# Physics of a catenary with sinusoidal motion at one end

If we have a catenary line with a mass per unit length of m with one end fixed and the other end moving in sinusoidal motion like $$A.sin(\omega.t)$$, how would I derive the formula for the dynamic tension at the top (Assuming the line stays in one plane).

I understand the maths behind a static catenary line and also how a taut string vibration works but do not know how to start deriving for above situation.

I want to start the equations as below but not sure if this is the right approach or how to proceed from here as the equations have derivative with respect to time and space both. The below image is a small segment for a static catenary line. I think for a dynamic line we need to consider the acceleration for the segment too.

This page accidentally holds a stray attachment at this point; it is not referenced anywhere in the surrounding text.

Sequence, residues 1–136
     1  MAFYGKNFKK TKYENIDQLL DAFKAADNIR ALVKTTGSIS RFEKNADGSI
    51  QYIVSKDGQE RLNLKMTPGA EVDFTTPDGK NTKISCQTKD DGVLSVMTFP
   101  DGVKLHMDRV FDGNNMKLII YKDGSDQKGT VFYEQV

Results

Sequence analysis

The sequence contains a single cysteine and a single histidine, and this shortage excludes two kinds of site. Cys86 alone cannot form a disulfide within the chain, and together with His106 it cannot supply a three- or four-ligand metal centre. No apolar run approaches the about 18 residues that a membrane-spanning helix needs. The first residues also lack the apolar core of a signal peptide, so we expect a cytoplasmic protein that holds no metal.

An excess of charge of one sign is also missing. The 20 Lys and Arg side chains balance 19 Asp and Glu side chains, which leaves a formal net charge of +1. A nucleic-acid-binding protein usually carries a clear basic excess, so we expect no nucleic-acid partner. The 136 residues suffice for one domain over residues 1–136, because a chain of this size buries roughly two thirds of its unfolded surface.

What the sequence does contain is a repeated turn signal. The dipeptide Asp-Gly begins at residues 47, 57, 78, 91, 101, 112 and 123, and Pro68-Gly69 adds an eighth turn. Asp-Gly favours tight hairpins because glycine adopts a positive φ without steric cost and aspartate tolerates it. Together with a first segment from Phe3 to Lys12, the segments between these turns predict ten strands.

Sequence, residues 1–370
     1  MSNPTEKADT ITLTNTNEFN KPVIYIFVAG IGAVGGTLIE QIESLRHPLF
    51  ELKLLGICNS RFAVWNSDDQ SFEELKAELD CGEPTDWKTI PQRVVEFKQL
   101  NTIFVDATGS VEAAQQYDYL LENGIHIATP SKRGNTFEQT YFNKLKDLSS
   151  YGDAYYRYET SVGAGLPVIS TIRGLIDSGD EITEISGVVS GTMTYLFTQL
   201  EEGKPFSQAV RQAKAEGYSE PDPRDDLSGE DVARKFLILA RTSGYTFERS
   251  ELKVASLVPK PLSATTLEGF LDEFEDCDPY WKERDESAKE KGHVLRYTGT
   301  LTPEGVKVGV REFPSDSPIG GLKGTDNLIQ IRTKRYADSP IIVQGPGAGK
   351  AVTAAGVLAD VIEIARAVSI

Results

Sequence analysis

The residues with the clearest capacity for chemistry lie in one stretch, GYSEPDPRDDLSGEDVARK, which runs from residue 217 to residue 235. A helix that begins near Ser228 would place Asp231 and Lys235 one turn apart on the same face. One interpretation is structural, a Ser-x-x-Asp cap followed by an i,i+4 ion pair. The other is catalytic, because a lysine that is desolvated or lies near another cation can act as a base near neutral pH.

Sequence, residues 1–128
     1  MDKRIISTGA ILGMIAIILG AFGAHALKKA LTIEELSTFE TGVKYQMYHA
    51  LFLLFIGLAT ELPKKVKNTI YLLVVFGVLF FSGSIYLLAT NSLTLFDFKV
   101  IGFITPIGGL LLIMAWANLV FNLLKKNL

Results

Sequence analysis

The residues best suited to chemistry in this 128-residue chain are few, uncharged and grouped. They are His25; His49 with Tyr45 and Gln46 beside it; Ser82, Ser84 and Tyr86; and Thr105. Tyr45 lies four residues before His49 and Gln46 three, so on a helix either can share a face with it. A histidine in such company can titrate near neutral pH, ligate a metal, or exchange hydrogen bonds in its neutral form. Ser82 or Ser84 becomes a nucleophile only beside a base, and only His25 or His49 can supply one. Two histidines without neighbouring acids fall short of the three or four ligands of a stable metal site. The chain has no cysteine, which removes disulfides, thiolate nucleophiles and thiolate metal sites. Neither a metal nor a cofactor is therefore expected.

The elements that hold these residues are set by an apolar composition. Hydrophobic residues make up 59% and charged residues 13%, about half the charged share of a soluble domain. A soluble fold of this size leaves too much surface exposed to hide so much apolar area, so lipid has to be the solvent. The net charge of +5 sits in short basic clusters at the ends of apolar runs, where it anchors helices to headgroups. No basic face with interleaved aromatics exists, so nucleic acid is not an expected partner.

$$m.ds.\ddot y + dV = mg.ds$$ $$m.\ddot x + dH = 0$$ $$ds = \sqrt{dx^2 + dy^2} = dx.\sqrt{1 + (dy/dx)^2}$$

There are some finite element methods also where the line is discretized and the equations at each node are solved, but I'm only concerned about the tensions at the ends and so want to have a more analytical solution.

Any help is greatly appreciated. Thanks.

• Perhaps this can be of some use. – Thales Aug 6 at 17:04